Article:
It is true. For all the good that sport does, the way it can reach into the soul and nourish your nether regions, it doesn’t always give us what we want.
Our love affair with Japanese rugby was relatively simple. Its roots entwined with those of the game we cherish: respect, generous hospitality and a way of playing that allows the ball to do the work. Nothing beats nostalgia and Japan’s offloading seemed to belong to a different era; one before dominant hits and choke tackles had taken the air from the game. Ireland and Scotland had both succumbed. Japan had bobbed and weaved agonisingly out of reach, popped the ball into eager hands too swift for Gaelic grasping, and in doing so, we’d all become a little smitten.
Rugby has forever told us, it is for all shapes and sizes; where crafted technique can overcome brute strength; where a fleet-footed imp can make a towering giant look a little daft; and where, after everything, everyone gets a drink. Of late, however, the Goliaths have ruled the game. And in a way, we’ve let them. Big men have only been bested by bigger men as the sport has chased stature and not skill. The camera dipped and rose as it went along the Japanese line devotedly sobbing their anthem. This was a team of normal-shaped men who’d redefined what could be done on a rugby pitch: how could you not love them?
But love is for fools. And sport rarely suffers them. Sport adores professionalism, practice, hard work; those who reduce risk, make the right choice, punish the mistake: it is unforgiving. As were South Africa; executing a one-dimensional game plan that hammered thud after agonising thud at Japanese flanks. For a while, the Cherry Blossoms swallowed the pain; attempted to keep the wheeze going, smiling through cracked ribs at all those who still believed. But it was just a question of time. Four years of ignominy is time enough. Revenge is not just best served cold, you want to serve it up in someone’s capital city.
Speaking of ignominy and capital cities: England are requited. Forty points upon an old foe were bewitching yet seemingly unsurprising as Australia’s own unrepentant Jones dealt out defeat for the seventh time. Familiarity breeds contempt. The Wallaby wilt was almost rueful. It could prove to be Pocock’s last. A man whose impressive thighs have bestrode the game and reinvented how you make the breakdown yours. It was he who threw the loose pass that unleashed Slade, and subsequently May. I wanted something greater for him and the reborn Lealiifano. Two of rugby’s finest names in recent years. Strength on and off the field. I wanted more. Yet England sacked them short.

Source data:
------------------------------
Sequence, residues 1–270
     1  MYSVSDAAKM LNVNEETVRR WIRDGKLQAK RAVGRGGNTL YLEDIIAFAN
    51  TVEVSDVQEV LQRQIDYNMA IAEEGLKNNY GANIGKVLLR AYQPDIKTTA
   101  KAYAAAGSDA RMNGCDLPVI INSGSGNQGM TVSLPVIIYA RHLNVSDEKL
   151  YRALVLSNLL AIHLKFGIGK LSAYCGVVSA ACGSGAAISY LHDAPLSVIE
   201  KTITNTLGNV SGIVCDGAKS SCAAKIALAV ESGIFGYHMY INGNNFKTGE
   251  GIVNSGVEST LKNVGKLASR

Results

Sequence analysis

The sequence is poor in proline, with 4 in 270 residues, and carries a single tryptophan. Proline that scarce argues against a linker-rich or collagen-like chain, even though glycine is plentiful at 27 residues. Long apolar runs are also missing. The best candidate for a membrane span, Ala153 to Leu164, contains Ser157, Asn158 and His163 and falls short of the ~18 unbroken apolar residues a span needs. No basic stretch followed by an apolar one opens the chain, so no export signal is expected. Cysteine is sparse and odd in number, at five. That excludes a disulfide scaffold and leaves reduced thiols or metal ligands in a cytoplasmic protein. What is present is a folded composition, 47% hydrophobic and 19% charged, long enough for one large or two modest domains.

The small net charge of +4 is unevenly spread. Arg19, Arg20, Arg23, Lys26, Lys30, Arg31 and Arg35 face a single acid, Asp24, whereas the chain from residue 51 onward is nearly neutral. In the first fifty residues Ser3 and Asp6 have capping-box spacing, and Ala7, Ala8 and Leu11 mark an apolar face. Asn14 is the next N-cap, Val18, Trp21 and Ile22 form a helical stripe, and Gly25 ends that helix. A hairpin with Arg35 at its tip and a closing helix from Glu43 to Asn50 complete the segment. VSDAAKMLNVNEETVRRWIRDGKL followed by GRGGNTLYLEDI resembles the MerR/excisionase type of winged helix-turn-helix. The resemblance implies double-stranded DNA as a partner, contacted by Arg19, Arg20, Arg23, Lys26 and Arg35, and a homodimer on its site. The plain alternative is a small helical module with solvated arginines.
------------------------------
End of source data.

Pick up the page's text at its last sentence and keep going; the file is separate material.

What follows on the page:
Short may well be Schmidt’s Irish epitaph: short of realising a World Cup final four. It will talk at length about how they beat the All Blacks twice but little about what happened in Japan. England’s Australian victory had barely cooled as New Zealand bore a knowing, toothy grin. This is an Irish team with the memory of how to be a great side but not the mode. For all their experience, there just didn’t seem enough air in the lungs. The All Blacks stuck a hand on all those famous shoulders and plunged a gasping Ireland deep. Best walked from the field shaking his head. It should not have ended like this.
And no one does endings like the French. Few do rugby like them either. Ollivon’s eighth-minute score was as sleek a try as you’ll see at this World Cup. Ntamack and Penaud have hips of yesteryear and it was all Wales could do to hold on. But hold on they did. Wainwright’s wheels and Biggar’s boot claimed ten points of their own and it was just nine points difference at the half. Yet, astonishingly, fourteen men with half an hour to go. A player with a big name, tall frame and an even larger ability to let his team down: Sebastian Vahaamahina elbowing a World Cup semi-final spectacularly out of reach. Not really what anyone wanted, save the Welsh.
And yet here we are. No upset, no romantic line, no heroic story to regale. Just the four best teams in the world and two semi-finals impossible to call.
If sport doesn’t always give us what we want, it’s because we probably don’t know what’s best for us.